Churches: Christianity in Ukraine is noted for its strength and resolution

Religion in war-torn Ukraine is highly diverse, but close on three-quarters of the 43 million population belong to a Christian faith, with Eastern Orthodox churches predominating.

By Billy Kennedy
Sunday, 6th March 2022, 8:15 am
Updated Sunday, 6th March 2022, 10:08 am

A 2018 survey found 71.7 per cent of the population declared themselves as believers, with 67 per cent adhering to one or other strand of Orthodox Christianity.

Orthodox Christians in Ukraine break down in Kyiv Patriarchate, Moscow Patriarchate and Auocephalous sectors, with some having links to Roman Catholicism. Politically, the Orthodox Christians split, some espousing separatist Ukrianian nationalism and looking to the west, and others looking east to Russia.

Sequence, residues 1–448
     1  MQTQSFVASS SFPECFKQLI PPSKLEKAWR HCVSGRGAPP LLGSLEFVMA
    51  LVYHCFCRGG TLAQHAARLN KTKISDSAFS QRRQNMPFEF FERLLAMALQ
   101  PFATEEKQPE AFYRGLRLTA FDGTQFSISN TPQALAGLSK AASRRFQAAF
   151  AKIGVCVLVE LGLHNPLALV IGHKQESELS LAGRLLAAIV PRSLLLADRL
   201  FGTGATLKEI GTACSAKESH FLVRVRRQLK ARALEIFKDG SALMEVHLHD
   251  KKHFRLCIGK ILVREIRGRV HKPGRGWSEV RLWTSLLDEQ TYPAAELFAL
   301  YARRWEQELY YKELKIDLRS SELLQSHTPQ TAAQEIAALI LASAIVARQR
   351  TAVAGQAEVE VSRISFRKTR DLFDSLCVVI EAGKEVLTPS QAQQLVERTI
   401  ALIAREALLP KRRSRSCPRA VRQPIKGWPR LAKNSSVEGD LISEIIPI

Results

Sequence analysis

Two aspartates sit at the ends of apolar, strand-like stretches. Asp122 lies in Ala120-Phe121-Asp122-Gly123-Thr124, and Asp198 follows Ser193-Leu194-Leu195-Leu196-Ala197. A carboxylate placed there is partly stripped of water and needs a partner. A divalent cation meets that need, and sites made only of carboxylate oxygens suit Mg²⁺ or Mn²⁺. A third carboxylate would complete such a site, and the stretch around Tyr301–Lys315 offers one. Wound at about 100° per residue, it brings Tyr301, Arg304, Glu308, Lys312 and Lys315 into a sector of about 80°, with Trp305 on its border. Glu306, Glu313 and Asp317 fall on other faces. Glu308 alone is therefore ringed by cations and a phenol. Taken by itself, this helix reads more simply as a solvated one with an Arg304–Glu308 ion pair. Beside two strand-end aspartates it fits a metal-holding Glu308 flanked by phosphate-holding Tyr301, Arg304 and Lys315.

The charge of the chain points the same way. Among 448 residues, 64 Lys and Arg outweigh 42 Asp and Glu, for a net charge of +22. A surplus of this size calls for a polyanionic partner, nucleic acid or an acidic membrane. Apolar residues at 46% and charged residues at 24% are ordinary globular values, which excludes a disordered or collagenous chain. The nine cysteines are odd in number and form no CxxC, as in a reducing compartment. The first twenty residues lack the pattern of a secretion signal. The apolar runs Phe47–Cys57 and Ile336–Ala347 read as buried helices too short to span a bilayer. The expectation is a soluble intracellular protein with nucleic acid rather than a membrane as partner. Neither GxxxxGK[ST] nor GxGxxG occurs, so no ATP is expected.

Other Christian denominations include Ukranian Byzantine Rite Catholics, Latin Rite Catholics, Reformed Protestants (about three per cent), while both Judaism and Islam are a very tiny minority. Current president of Ukraine Volodymyr Zelwnskyy is Jewish who lost family in the German Holocaust of the Second World War.

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Ukrainian President Volodymyr Zelenskyy

The history of Christianity in Ukraine dates back to the earliest centuries of Christandom to the Apostolic age, with mission trips from the Middle East along the Black Sea and a legend of St Andrew even ascending the capital Kyiv. The first Christian community on territory of modern Ukraine is documented as early as the ninth century with establishment of the Metropolitanate of Gothia, centred on the Crimean peninsula.

Irish Presbyterian moderator the Rev Dr David Bruce has written to all ministers and congregations in his church asking them to pray for the Christian denominations in Ukraine, for their endurance, protection and faithful witness in face of this time of trial. “Pray especially that a way might be found to bring a peaceful end to this needless war,” said Dr Bruce.

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